Reading Time: 4 minutes

The U.S. Virgin Islands are a gorgeous territory that of the United States located only 1,104 miles and about a 3-hour flight from Miami. It’s constituents of St. Thomas, St. John, St. Croix, and Water Island are popular tourist destinations because of their beautiful climate, stunning beaches, and Western infrastructure (yay, tap water!)

But what are some need-to-knows and fun-to-hears about this string of islands? Here are a few interesting facts you should know to enrich your trip.

U.S. Virgin Islands St. Thomas
Marriott Frenchman’s Cove, St. Thomas

1. They haven’t always been the U.S.’ Virgin Islands

In the past 400 years, the islands have been ruled by:

  • Spain
  • France
  • Holland
  • Malta
  • Britain (who kept some, known as the British Virgin Islands)

and most recently Denmark until the United States bought them in 1917 for $25M in gold.

This is a unique story in itself, as the reason the U.S. bought them was actually to keep Germany from buying them! During WWI military has intercepted messaged that they may try to use them for a strategic position.

2. It’s true—if you’re an American citizen you do not need a passport to visit

You do not need your passport to travel here if you are an American citizen. Kinda.

Because the U.S. Virgin Islands is a territory of the United States, U.S. citizens can visit without a passport. U.S. citizens have the same privileges to travel to Puerto Rico, Guam, American Samoa, and the Northern Mariana Islands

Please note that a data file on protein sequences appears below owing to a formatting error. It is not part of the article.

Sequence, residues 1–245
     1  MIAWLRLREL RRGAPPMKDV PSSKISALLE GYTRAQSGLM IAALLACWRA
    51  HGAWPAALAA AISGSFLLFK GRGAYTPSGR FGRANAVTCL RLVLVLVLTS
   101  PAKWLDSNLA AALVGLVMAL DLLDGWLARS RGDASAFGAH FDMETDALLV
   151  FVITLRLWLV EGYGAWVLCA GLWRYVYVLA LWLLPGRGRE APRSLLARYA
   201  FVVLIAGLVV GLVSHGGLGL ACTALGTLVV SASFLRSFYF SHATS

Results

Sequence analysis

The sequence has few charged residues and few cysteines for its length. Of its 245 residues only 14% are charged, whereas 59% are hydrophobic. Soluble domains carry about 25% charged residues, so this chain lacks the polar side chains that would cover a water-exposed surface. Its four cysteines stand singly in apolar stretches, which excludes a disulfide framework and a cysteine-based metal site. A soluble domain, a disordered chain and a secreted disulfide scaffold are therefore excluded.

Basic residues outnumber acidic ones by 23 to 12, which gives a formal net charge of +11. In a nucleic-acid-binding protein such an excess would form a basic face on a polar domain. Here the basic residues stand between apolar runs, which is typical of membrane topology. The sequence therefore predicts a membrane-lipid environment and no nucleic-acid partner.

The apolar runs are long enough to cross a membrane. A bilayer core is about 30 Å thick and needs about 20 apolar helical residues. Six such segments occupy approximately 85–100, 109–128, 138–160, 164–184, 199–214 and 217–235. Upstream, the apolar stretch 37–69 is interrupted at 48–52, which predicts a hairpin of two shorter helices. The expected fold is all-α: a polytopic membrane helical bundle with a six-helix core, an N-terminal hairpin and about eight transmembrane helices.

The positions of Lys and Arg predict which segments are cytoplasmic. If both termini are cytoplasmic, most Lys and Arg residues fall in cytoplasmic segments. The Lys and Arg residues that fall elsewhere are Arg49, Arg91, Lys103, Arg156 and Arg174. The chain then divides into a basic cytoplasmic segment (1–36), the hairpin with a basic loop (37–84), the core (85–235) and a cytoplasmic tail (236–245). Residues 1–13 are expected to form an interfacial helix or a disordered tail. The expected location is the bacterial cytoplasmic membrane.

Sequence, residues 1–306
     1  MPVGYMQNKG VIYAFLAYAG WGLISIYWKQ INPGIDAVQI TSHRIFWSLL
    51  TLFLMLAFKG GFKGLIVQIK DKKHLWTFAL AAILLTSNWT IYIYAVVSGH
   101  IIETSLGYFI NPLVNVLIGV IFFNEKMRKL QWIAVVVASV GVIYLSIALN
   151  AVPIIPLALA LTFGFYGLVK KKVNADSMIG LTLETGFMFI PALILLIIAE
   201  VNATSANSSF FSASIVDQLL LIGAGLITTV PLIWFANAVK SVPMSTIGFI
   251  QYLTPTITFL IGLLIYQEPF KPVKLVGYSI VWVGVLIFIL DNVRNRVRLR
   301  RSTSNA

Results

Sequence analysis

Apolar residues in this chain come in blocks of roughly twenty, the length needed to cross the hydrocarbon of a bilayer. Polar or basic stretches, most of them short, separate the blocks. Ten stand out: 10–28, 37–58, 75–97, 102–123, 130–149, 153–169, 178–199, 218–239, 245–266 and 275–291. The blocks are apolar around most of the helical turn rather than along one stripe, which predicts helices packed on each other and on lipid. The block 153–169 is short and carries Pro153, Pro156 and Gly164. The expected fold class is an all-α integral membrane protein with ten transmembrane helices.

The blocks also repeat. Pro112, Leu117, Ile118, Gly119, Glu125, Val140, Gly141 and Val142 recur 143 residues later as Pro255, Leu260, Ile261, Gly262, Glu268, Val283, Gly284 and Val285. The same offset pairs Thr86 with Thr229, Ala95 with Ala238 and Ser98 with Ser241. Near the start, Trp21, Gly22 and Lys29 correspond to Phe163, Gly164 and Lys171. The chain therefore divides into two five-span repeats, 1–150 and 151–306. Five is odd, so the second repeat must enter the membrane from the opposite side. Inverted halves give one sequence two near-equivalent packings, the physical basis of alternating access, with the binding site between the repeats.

However, when I was leaving through U.S. Customs & Border Patrol in St. Thomas, the agent I had said it is their official recommendation that travelers bring their passports to avoid delayed processing times at Customs.

U.S. Virgin Islands boats in St. Thomas harbor
Vessup Bay, St. Thomas

3. This is a ‘Pirates of the Caribbean’ hot spot

In the late 1600s the Virgin Islands were on some heavy Pirates of the Caribbean vibes. Its corrupt governors became rich when they let themselves be paid off by roaming pirates in exchange for safe haven.

A few notable ones include Captain Kidd, Jean Hamlin, Stede Bonnet, Tempest Rogers, Bartholomew Sharp, and Black Sam Bellamy.

Just off the east end of St. John is Norman Island (named for a pirate), the setting for Robert Louise Stevenson’s Treasure Island and nearby is Stevenson’s Dead Chest Island. The archaeology of piracy in the park is underway and we have found two sites that just may very well be 17th-century pirate hideouts.

4. Unlike in the mainland U.S., you drive on the left side of the road

As mentioned, a few other countries owned the U.S. Virgin Islands including the British, who are notorious for driving on the left side of the road. We can only assume that this was established by them.

The even weirder part? Because it’s under U.S. control, the country’s cars are U.S. imports, so the steering wheel is on the left side of the car and you drive on the left. Definitely not the British way.